After study, NoVa’s year in the spotlight

Young Jews gather in Northern Virginia. Last year’s demographic study found the area to have the largest Jewish population in Greater Washington. Photo courtesy of Nova Tribe Series.

A year after a demographic study of the Washington region’s Jewish community revealed that the largest segment of the Jewish population lives in Northern Virginia, institutions there are hoping that with more attention comes more funding.

“There’s a groundswell of excitement and activity around the opportunities that were illuminated in the community study,” said Jeff Dannick, executive director of the Jewish Community Center of Northern Virginia. “It’s my hope that the proportion of funding that ends up supporting the community in Northern Virginia will increase in historic numbers.”

Released last February, the study found that of the 295,500 Jewish residents of Greater Washington, 41 percent live in Northern Virginia, 39 live percent in the Maryland suburbs and 19 percent live in the District.

Now, one year later, the Federation is pledging to increase support for Northern Virginia institutions and groups targeting people in their 20s and 30s, another significant demographic noted in the survey.

(The study was done in cooperation with the Jewish Federation of Greater Washington and funded by The Morningstar Foundation established by Susie and Michael Gelman. The Gelmans are members of the ownership group of Mid-Atlantic Media, which publishes Washington Jewish Week.)

Dannick said he expects that the Federation’s funding for his and other Northern Virginia organizations will increase. But he’s already seen increased focus and energy from Federation staff since the study was released.

Last year, Federation staff took part in a listening tour of sorts, an early step in a strategic planning process that could reshape the way the Federation operates in the region. The tour had a particular focus on Northern Virginia, according to Gil Preuss, the Federation’s CEO.

“I’ve seen it. The study has led to significantly more focus from the staff and leadership of the Federation on the challenges and opportunities in Northern Virginia,” Dannick said. “And it’s amplified engagement between professional and lay leadership in Northern Virginia and the Federation.”

Preuss said that the Federation is also in search of a staffer to work exclusively on Northern Virginia community matters.

Already, the Federation has begun a new strategy of targeted fundraising for areas highlighted in the study. Of the $21,177,043 it raised in its 2018 campaign, $1,340,653 was raised specifically for Northern Virginia, young adults and adult Jewish learning. In particular, Preuss said, Northern Virginia and young adults were highlighted in the study, which found that 35 percent of the region’s Jewish population was between the ages of 22 and 39.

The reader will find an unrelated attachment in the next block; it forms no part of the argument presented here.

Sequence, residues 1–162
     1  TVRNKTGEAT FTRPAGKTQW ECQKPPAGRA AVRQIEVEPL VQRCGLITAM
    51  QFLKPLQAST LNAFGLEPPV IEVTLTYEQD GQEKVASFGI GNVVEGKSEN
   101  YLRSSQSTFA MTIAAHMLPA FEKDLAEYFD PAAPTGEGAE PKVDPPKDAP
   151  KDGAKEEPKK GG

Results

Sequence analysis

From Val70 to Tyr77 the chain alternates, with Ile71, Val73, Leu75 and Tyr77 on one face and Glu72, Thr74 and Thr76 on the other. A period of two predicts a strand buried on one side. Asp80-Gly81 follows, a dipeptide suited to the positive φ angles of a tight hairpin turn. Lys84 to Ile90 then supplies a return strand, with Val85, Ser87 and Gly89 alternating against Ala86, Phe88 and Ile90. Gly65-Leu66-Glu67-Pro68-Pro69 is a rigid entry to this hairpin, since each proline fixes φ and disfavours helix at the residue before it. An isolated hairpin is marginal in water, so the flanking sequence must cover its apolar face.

In an effort to increase its focus on young adults, the Federation recently released a request for proposals for pilot initiatives and to expand programming around those three areas. As a result of the study and the strategic planning framework it released last year, the Federation will offer $375,000 in grants for Northern Virginia and young professional engagement, Preuss said.

In addition, he said it could increase its annual outlays for other institutions operating in those areas.

For Stacy Miller, who runs the Edlavitch Jewish Community Center’s young adult program EntryPoint DC and a Northern Virginia young adult group, Nova Tribe Series, it’s a welcome opportunity. When she started Nova Tribe Series in 2012, she said she participated in leadership training organized by the Federation, but the Federation wasn’t offering financial support for fledgling young adult initiatives.

Without funding, she had to scale back her ambitions for the group and cut down on the number of events it held. Perhaps with increased funding from the Federation and others as a result of the demographic study, she might be able to expand its offerings, she said.

“This could be a way to bring some of those programs back and bring more synergy between the young professionals of D.C. and Northern Virginia,” Miller said, pointing to study findings that Jewish young adults in Northern Virginia are largely clustered in Arlington and Alexandria. “I think a lot of organizations in the community want to support grassroots programming and organizations and make sure there’s future funding.”

Dannick said he knows that the Federation is targeting those millennial-heavy areas of Northern Virginia for future investment.

“Particularly in the eastern section of Northern Virginia, there’s an intersection between [the young adult and Northern Virginia] cohorts, which creates this sweet spot of opportunity,” Dannick said. “And that’s become a key focus of the Federation and a key focus of donors.”

With large organizations like the Federation, Dannick and Preuss agreed that change comes at a methodical pace, and most of the ways in which the Federation uses the study’s information are still to come. But already, Dannick said, he’s seen the region’s community reorient its focus, in both fundraising and programming.

“If you’re asking if the needle’s going to move, I’d say yes, it’s already moving as a result of the study,” Dannick said. “Any movement beyond that is up to not only the Federation, but all of us in
the community.”

[email protected]

Never miss a story.
Sign up for our newsletter.
Email Address


Please enter your comment!
Please enter your name here